5 Reasons to Convert Term to Whole Life Insurance

Switching from term to permanent life insurance allows you to build savings and can help with estate planning.
NerdWallet
By NerdWallet 
Edited by Katia Iervasi Reviewed by Tony Steuer

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Term life insurance provides temporary coverage, which is all many families ever need.

You buy term life to cover you for a specific period, such as 10, 20 or 30 years, and your beneficiary gets a payout if you die within that time frame. Ideally, by the time the coverage expires, you don’t need life insurance anymore. Your kids have grown up, your debts have been repaid, and you have plenty of savings.

But what if your needs change?

Most term life insurance policies are convertible. That means you can upgrade some or all of your coverage to a permanent policy, such as whole life insurance, universal life insurance or variable life insurance. With most insurers, you can typically convert without taking another medical exam or answering health questions, as long as you do so within a certain time frame or by a certain age, such as 75.

The deadline for converting and the type of permanent policies available depend on the life insurance company.

Why go from term life to permanent life

Here are reasons you might convert your term policy to a permanent one.

Build savings

Part of the premium for permanent life insurance goes towards building up cash value, which grows slowly on a tax-deferred basis. You can borrow against or withdraw money from the cash value life insurance once you’ve accumulated enough. You can even give up the life insurance altogether for any existing cash surrender value. To compare, term life insurance has no cash value.

Good to know: Max out contributions to your tax-advantaged accounts and consider other investment vehicles before you buy permanent life insurance as a savings builder. Don’t buy permanent life insurance unless you can stick with it for the long haul and have a long-term insurance need. Generally, it takes many years for the cash value to build substantially, and you pay a surrender charge during the first few years of the policy. Known as the “surrender charge period,” this typically lasts 10-16 years.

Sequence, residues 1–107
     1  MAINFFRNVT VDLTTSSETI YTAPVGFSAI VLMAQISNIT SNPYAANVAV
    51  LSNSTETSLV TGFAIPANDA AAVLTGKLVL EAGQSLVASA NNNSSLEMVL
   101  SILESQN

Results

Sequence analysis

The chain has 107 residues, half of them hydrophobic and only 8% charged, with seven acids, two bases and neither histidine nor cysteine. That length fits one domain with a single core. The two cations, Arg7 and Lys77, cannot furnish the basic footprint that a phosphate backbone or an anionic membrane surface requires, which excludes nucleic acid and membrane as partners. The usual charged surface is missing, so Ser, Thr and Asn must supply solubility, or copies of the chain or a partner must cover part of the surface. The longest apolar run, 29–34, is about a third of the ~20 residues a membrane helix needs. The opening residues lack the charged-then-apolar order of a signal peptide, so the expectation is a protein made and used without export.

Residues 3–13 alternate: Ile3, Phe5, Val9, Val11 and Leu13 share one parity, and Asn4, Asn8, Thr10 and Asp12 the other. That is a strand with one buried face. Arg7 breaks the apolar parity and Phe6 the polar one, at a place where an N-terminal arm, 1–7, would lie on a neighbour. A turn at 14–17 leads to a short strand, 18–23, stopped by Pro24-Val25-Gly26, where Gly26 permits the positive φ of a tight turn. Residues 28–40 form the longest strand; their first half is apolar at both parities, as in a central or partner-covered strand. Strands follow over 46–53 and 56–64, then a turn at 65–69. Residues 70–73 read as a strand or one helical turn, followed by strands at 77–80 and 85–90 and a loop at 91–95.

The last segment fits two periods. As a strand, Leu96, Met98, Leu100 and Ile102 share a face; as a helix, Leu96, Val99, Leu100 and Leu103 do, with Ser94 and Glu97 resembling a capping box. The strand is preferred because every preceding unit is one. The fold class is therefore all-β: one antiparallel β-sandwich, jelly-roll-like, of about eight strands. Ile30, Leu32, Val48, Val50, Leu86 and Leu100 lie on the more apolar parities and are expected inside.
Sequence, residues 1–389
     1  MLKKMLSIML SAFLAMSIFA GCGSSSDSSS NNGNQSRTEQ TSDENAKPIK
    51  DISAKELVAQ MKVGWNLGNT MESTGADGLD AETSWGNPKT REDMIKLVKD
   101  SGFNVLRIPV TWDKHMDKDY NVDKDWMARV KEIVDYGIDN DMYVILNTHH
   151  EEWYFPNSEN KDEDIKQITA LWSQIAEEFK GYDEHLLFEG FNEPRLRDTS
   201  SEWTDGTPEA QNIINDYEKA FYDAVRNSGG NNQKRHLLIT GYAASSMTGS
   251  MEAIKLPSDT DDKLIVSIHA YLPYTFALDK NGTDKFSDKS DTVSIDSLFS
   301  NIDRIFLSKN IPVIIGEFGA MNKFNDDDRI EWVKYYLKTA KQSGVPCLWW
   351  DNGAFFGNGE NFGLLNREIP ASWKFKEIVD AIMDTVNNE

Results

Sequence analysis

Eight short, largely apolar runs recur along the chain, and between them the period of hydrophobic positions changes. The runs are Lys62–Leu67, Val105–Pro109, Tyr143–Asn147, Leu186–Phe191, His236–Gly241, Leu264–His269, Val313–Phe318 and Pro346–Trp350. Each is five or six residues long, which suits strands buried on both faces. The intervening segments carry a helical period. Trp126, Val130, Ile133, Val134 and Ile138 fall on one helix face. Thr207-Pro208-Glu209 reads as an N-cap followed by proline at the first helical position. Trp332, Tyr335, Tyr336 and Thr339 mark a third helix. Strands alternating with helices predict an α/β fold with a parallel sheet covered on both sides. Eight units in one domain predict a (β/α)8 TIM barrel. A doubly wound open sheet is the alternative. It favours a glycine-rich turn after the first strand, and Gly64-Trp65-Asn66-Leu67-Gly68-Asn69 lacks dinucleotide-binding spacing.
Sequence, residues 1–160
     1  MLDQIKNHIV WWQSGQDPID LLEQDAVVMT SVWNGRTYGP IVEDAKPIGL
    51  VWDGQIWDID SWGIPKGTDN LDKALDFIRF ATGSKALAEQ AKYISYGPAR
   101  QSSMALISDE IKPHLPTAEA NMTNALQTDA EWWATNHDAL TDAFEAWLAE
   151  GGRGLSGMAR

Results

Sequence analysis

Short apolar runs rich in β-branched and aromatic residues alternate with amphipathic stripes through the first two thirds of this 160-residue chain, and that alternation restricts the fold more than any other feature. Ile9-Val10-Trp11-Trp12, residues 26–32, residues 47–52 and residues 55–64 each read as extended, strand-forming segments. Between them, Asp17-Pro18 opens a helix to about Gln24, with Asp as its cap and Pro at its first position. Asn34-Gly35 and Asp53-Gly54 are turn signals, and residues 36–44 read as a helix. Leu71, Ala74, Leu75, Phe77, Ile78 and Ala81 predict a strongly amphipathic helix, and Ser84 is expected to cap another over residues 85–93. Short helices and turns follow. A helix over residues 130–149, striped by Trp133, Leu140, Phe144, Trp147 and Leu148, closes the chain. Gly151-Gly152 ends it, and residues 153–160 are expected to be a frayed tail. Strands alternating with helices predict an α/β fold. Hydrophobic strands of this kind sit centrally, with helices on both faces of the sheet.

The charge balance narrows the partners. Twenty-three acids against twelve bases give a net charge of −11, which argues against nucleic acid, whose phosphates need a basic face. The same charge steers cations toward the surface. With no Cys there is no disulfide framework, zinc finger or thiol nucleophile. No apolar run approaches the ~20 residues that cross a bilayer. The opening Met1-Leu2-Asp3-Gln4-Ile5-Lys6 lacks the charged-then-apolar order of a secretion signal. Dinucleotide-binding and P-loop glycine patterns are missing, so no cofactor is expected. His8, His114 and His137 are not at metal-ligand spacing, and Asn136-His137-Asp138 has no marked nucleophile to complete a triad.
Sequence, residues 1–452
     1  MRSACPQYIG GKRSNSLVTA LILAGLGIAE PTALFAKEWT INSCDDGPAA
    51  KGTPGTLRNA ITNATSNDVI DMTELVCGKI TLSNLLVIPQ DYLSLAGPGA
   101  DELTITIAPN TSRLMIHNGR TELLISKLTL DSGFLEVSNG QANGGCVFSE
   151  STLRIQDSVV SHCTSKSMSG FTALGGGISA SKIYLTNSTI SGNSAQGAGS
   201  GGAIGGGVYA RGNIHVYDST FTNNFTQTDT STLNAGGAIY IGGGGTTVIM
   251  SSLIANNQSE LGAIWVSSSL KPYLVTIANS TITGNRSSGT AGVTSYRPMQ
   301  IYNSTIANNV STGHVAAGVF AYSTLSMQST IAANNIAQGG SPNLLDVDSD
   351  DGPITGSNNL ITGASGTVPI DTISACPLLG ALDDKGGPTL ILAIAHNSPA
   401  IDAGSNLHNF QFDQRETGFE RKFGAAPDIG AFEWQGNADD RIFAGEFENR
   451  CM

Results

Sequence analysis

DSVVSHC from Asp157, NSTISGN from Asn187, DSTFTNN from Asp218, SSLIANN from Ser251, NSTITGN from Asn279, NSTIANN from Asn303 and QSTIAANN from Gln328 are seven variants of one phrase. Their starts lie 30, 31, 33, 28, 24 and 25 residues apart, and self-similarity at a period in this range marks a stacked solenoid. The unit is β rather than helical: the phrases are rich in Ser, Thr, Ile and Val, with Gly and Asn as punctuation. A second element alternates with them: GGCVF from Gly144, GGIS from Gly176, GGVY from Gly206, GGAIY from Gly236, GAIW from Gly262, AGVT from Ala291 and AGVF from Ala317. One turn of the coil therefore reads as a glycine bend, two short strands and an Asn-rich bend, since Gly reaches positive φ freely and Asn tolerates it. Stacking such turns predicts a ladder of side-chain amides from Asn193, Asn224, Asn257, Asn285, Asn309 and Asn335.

Now you can afford it

You might have wanted some permanent insurance but balked at the price for universal or whole life. Now that you’re making more money, you’d like to buy some lifelong coverage.

Good to know: Convert only the amount of coverage you think you’ll need. You may not have to convert the entire term life policy.

Lifelong dependent

Perhaps your needs changed and now you have a lifelong financial dependent, such as a child with special needs. Permanent life insurance can help fund a trust for that person after you die.

Good to know: Work with financial professionals who specialize in helping clients with special needs children. A life insurance agent can help you calculate coverage needs and select the best policy, while an attorney can assist with setting up a special needs trust.

Estate planning

You made it big and have more money and property than you ever expected. The downside? Now you’re worried about the estate taxes your heirs will owe after your death. Permanent life insurance can help. Work with an estate planning attorney and insurance agent who specialize in this area. The estate planning attorney will help you set up an irrevocable life insurance trust. The insurance agent will help you plan and select the right policy.  It’s important to set this up correctly so that the death benefit is not subject to estate taxes. Your heirs can then use the life insurance proceeds to help pay the estate tax.  

Good to know: State estate taxes vary. Federal estate taxes in 2023 are applied to estates worth more than $25.84 million for a couple or $12.92 million for a single person

IRS. Estate Tax. Accessed Jan 27, 2023.
. (A spouse doesn’t owe estate taxes on an inheritance from the deceased spouse.) 

Health problems

The insurance company doesn’t consider your current health condition when you convert a term life policy. That’s a large advantage if you’ve developed conditions that would make a new permanent life policy too expensive.

Good to know: If you’re still healthy, get quotes for a new permanent policy and compare those with what you’d pay through conversion. Insurers may only offer one option for conversion, so it’s worth comparing a handful of companies to see if there are more competitive options available to you. 

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Shopping for term life insurance

Before buying a term life policy, follow these tips if you think you might want to convert it later on:

  • Make sure the term life policy is convertible.

  • Understand the deadline for converting.

  • Review the permanent life insurance policies that will be available if you convert.

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